The Inklings was an informal literary discussion group associated with the University of Oxford, England, for nearly two decades between the early 1930s and late 1949. Its more regular members (many of them academics at the University) included J. R. R. "Tollers" Tolkien, C. S. "Jack" Lewis, Owen Barfield, Charles Williams, Christopher Tolkien (J. R. R. Tolkien's son), Warren "Warnie" Lewis (C. S. Lewis's elder brother), Roger Lancelyn Green, Adam Fox, Hugo Dyson, R. A. "Humphrey" Havard, J. A. W. Bennett, Lord David Cecil, and Nevill Coghill. Other less frequent attenders at their meetings included Percy Bates, Charles Leslie Wrenn, Colin Hardie, James Dundas-Grant, Jon Fromke, John Wain, R. B. McCallum, Gervase Mathew, and C. E. Stevens. The author E. R. Eddison also met the group at the invitation of C. S. Lewis.
The Inklings were literary enthusiasts who praised the value of narrative in fiction, and encouraged the writing of fantasy. Although Christian values were notably present in several members' work, there were also atheists among the members of the discussion group.
"Properly speaking," wrote Warren Lewis, "the Inklings was neither a club nor a literary society, though it partook of the nature of both. There were no rules, officers, agendas, or formal elections."
As was typical for university literary groups in their time and place, the Inklings were all male. (Dorothy L. Sayers, sometimes claimed as an Inkling, was a friend of Lewis and Williams, but never attended Inklings meetings.)
Readings and discussions of the members' unfinished works were the principal purposes of meetings. Tolkien's The Lord of the Rings, Lewis's Out of the Silent Planet, and Williams's All Hallows' Eve were among the novels first read to the Inklings. Tolkien's fictional Notion Club (see Sauron Defeated) was based on the Inklings.
The name was associated originally with a society of Oxford University's University College, initiated by the then undergraduate Edward Tangye Lean circa 1931, for the purpose of reading aloud unfinished compositions. The society consisted of students and dons, among them Tolkien and Lewis. When Lean left Oxford during 1933, the society ended, and its name was transferred by Tolkien and Lewis to their group at Magdalen College. On the association between the two 'Inklings' societies, Tolkien later said "although our habit was to read aloud compositions of various kinds (and lengths!), this association and its habit would in fact have come into being at that time, whether the original short-lived club had ever existed or not."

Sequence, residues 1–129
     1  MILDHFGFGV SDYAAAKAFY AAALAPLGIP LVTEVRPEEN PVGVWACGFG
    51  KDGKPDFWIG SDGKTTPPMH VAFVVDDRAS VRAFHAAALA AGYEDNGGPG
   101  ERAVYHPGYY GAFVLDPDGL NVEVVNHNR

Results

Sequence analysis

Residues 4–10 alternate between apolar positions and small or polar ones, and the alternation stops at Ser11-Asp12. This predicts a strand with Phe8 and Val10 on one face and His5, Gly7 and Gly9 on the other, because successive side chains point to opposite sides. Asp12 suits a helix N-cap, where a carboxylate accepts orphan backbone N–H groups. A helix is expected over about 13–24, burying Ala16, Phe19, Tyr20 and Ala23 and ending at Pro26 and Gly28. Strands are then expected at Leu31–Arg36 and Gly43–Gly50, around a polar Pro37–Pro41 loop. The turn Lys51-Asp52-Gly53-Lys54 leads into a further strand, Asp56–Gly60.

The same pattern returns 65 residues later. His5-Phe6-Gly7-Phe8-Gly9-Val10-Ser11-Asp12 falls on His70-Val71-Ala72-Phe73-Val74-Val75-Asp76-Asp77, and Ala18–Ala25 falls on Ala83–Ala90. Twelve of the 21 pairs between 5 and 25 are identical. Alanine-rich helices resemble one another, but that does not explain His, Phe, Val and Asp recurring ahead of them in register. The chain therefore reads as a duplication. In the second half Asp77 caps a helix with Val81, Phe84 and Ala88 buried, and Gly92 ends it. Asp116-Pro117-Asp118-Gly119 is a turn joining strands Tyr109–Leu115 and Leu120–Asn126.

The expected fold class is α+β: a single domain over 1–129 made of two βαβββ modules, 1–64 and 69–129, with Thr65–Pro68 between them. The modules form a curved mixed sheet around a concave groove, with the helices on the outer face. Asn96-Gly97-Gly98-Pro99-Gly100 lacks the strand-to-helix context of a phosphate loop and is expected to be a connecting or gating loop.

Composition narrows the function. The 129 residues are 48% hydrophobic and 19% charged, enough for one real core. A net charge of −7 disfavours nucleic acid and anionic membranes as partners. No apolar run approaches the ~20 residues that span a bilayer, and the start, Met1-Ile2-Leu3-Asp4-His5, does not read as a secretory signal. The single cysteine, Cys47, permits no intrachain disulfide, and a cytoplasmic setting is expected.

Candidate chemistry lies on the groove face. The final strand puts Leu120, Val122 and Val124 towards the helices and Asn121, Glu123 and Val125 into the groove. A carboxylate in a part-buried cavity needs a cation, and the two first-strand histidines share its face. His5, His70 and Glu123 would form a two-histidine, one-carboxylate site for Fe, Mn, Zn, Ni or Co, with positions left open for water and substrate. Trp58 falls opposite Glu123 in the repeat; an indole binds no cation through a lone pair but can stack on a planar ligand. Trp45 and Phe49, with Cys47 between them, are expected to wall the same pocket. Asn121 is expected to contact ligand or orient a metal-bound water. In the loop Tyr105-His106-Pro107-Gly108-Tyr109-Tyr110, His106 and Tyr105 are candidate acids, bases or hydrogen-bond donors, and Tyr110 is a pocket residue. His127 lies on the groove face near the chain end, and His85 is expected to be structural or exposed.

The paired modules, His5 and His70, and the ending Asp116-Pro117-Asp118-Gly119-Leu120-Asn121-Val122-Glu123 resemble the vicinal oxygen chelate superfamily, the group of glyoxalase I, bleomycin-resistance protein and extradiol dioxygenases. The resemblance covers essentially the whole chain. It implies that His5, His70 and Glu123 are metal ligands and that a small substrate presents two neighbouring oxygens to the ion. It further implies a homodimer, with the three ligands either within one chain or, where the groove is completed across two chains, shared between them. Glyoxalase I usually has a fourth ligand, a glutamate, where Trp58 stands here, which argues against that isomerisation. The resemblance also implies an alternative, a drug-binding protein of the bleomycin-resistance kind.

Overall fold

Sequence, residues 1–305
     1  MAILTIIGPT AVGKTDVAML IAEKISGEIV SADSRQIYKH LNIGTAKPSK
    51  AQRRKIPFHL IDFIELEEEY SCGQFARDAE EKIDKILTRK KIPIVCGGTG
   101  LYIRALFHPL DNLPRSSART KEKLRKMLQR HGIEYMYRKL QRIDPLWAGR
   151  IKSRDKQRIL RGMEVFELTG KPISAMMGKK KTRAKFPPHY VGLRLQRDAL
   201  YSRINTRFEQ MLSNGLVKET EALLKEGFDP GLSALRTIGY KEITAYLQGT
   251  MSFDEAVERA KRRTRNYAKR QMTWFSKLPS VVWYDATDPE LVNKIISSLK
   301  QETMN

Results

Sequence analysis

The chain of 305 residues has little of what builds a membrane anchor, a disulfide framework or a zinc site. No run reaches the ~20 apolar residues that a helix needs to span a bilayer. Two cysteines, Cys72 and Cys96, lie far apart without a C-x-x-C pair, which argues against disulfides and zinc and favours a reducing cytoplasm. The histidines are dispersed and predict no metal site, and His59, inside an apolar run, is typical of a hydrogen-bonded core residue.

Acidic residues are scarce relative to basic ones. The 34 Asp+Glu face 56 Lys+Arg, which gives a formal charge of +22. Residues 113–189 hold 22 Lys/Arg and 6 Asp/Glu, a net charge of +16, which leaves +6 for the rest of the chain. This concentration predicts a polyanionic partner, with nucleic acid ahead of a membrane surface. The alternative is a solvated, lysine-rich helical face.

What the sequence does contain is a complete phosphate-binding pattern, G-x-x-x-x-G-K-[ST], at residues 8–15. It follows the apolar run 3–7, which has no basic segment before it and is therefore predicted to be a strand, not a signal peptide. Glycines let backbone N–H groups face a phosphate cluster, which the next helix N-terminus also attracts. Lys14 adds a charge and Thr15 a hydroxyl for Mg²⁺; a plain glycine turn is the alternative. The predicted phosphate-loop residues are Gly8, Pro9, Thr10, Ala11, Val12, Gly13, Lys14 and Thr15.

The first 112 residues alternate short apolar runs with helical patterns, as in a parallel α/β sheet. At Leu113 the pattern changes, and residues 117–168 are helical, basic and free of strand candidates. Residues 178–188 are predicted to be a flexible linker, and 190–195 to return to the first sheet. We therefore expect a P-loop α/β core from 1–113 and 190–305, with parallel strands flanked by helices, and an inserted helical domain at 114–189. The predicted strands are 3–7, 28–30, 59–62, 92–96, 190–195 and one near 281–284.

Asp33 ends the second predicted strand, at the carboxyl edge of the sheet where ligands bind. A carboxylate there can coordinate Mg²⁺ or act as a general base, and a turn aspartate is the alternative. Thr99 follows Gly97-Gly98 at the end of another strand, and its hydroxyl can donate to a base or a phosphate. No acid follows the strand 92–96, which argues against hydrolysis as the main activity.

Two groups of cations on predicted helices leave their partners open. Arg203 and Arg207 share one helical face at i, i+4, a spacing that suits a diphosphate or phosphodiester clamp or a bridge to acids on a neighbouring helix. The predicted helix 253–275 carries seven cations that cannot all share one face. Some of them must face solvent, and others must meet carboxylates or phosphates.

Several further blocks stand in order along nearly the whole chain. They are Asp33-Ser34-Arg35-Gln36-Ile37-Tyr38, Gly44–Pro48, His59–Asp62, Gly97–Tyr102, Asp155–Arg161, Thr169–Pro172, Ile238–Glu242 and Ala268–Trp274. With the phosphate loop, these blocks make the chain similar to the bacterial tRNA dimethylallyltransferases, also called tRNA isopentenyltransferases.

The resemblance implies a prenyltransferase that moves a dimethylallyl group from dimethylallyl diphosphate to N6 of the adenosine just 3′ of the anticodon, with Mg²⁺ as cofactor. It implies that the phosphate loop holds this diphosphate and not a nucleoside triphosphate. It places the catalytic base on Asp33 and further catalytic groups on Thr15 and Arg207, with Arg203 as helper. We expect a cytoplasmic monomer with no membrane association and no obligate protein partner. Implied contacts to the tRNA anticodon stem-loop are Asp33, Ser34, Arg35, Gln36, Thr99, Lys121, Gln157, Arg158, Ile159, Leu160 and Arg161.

Until late 1949, Inklings readings and discussions usually occurred during Thursday evenings in C. S. Lewis's college rooms at Magdalen College. The Inklings and friends were also known to gather informally on Tuesdays at midday at a local public house, The Eagle and Child, familiarly and alliteratively known in the Oxford community as The Bird and Baby, or simply The Bird. Later pub meetings were at The Lamb and Flag across the street, and in earlier years the Inklings also met irregularly in yet other pubs, but The Eagle and Child is the best known.
Named after the Inklings is The Inklings Society based in Aachen, and their yearbook, Inklings Jahrbuch für Literatur und Ästhetik, published from 1983 by Brendow, Moers. The yearbook contains scholarly articles and reviews, dealing with Inklings members in particular, but also with fantasy literature and mythopoeia in general.
The Marion E. Wade Center, located at Wheaton College, Illinois is devoted to the work of seven British authors including four Inklings and Dorothy L. Sayers. Overall, the Wade Center has more than 11,000 volumes including first editions and critical works. Other holdings on the seven foremost authors (G. K. Chesterton, George MacDonald, Dorothy L. Sayers, and Inklings Owen Barfield, C. S. Lewis, J. R. R. Tolkien, and Charles Williams) include letters, manuscripts, audio and video tapes, artwork, dissertations, periodicals, photographs, and related materials.
The members of the Inklings are the three Caretakers of the Imaginarium Geographica in James A. Owen's novel, Here, There Be Dragons.
There is a small, informal, Literary and Theological discussion group at Saint Ignatius High School, in Cleveland,Ohio, named for the Inklings, they discus books, theology, politics, and many other matters. The works of Lewis and Tolkien are regular topics of discussion.